Once tormented by bullies - this singer-songwriter now wants to be a role model for young people with ASD

For Ballyvolane singer-songwriter David Punch, growing up with Asperger Syndrome meant facing bullies who can’t handle anyone being different, writes ELLIE O’BYRNE
Once tormented by bullies - this singer-songwriter now wants to be a role model for young people with ASD

David Punch, aged 25, who has Asperger Syndrome, has released a single called Different.

IT would be a boring world if everyone was the same.

But for the bullies that tormented David Punch, in school and online, being different was just not acceptable. The very fact that he had Asperger Syndrome was reason enough to make his life hell.

Now aged 25, David is frank about the impacts that bullying had on him in his childhood and worsening into his teens.

“I started getting bullied in primary school, with things like name-calling,” David says.

“I’d be crying and they’d be calling me four-eyes and things. Then, in secondary school, I started putting some videos of songs online, on YouTube. And then I started getting online bullied: people would write nasty things in the comments, things like ‘you should go and kill yourself’. Other nasty stuff.”

Already prone to anxiety stemming from his Asperger’s, the impacts on David were profound.

“I got very bad, and I had to get counselling in the end,” he says.

“I knew one guy from my school was doing it. He was a keyboard warrior: he wouldn’t say anything to my face, and then he’d say all this stuff online. Sometimes I regret that I didn’t really do anything about it.”

David smiles shyly into his laptop camera: “But here I am, and I’m still not giving up on my dreams.”

Ballyvolane singer-songwriter David Punch's single, Different.
Ballyvolane singer-songwriter David Punch's single, Different.

The Ballyvolane singer-songwriter has just released a single, Different, which he hopes captures a very important message: that we’re really not so different as the bullies would like to believe.

We’re not different/ We’re the same/ We’re all under the stars, the chorus of the soulful song goes.

Some verses capture David’s torment at the hands of bullies, and not all is psychological: there’s a reference to “blood on my face”.

“Yeah, I was getting physically bullied too,” David says with an almost apologetic shrug.

“I can remember coming home and running straight upstairs to my room and hiding under the covers so my parents wouldn’t see.”

David was diagnosed with Asperger Syndrome when he was just four. Asperger’s is considered a form of high-functioning autism. It’s an Autism Spectrum Disorder (ASD) but doesn’t impact speech and has no impact on intelligence.

His mother remembers him as a clumsy child who had difficulty with his social skills.

“In primary school, I had a special needs assistant,” he says.

“I didn’t do Irish after about fourth class, so when the class did Irish, I was doing communication and social skills and other stuff I was having trouble with.”

David has frequently encountered problems simply because most people don’t know about his condition and the challenges he faces. 

“I don’t think people really understand me at all, because I’m definitely awkward around people, but I think people need to start being aware of what Asperger’s is,” David says.

“The first time I told a friend, a couple of years ago, I had to trust him first to talk to him about it and when I told him he said, ‘what’s Aspergers?’ I had to explain the whole thing to him and tell him about my anxiety, because my anxiety was pretty bad at the time.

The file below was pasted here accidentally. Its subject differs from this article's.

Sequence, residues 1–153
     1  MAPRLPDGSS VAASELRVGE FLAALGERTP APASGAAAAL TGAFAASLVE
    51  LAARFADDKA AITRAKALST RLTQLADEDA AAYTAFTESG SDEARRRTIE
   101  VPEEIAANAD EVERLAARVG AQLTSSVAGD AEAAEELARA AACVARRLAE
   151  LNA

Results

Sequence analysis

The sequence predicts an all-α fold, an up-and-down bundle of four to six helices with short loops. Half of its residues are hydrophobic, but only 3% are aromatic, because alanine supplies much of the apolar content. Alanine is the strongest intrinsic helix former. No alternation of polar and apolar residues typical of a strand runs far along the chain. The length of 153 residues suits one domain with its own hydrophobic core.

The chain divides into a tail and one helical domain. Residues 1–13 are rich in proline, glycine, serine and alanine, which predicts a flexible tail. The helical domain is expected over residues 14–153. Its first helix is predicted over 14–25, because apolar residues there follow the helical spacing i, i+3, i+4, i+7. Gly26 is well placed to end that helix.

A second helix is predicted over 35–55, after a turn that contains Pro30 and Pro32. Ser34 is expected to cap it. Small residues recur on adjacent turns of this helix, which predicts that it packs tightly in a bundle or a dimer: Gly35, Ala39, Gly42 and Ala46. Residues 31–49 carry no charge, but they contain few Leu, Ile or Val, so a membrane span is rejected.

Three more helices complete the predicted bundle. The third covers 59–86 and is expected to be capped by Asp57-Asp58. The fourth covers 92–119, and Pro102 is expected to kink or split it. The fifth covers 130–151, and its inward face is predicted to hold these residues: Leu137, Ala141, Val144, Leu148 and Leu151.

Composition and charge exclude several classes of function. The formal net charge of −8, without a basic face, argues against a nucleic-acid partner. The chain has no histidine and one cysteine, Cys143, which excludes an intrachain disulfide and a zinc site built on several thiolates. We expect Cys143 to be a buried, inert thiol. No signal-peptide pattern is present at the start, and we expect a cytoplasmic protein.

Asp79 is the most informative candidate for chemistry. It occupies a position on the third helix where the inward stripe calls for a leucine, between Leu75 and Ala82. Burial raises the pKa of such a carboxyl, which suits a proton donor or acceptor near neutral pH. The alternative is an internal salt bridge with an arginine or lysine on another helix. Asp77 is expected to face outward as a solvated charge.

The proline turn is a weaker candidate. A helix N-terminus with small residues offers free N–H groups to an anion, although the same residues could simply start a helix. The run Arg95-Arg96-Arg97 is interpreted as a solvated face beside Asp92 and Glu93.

“I get worried over small things and upset over small things. I hate change. There has to be a set of plans for my day because I hate uncertainty.”

David Punch recalls physical and verbal bullying.
David Punch recalls physical and verbal bullying.

In secondary in Deerpark CBS, David was in the ASD unit and also had access to an SNA. At third level, he chose to go to CIT, graduating with a Fetac Level 7 in Computer Science.

But David had always been musical, had come from a musical family and took piano and recorder from primary school.

Following his graduation, he decided to follow his dreams and return to education, taking Coláiste Stiofáin Naofa’s Music, Management and Sound course.

Now, he works as a call centre operative and devotes the bulk of the remainder of his time to his music.

“The thing about being high-functioning is that you can be obsessive, but that’s actually great for working on music,” he says with a grin.

The positive responses to Different, which he recorded in summer 2020 with the help of producer Dave Skelton, have come as a huge boost to him.

“The feedback on the video has been incredible,” he says.

“I got a message from a parent whose son has Asperger’s, and he texted saying, ‘you’re an inspiration to me’. I told my mom about it and she started crying. It was very sweet.”

Now, David is inspired to combine his musical aspirations with a new-found drive to serve as ambassador and role model for young people with ASD diagnoses.

Different’s message needs to be heard, not only through song, but through motivational speaking and online advocacy.

David wants to serve as a role model for young people with an ASD diagnosis.
David wants to serve as a role model for young people with an ASD diagnosis.

“There needs to be an advocate for people like me with Asperger’s, or people who feel different and who don’t have anyone to rely on,” he says.

“I want to be that person.”

Most of all, David himself has learned that the perceived differences in him so hated and feared by his bullies are actually his strengths too, that his own differences are to be celebrated.

“I’m proud now,” he says. “It’s part of who I am, part of my personality.”

Listen to Different at: https://open.spotify.com/artist/5s3FX or here:

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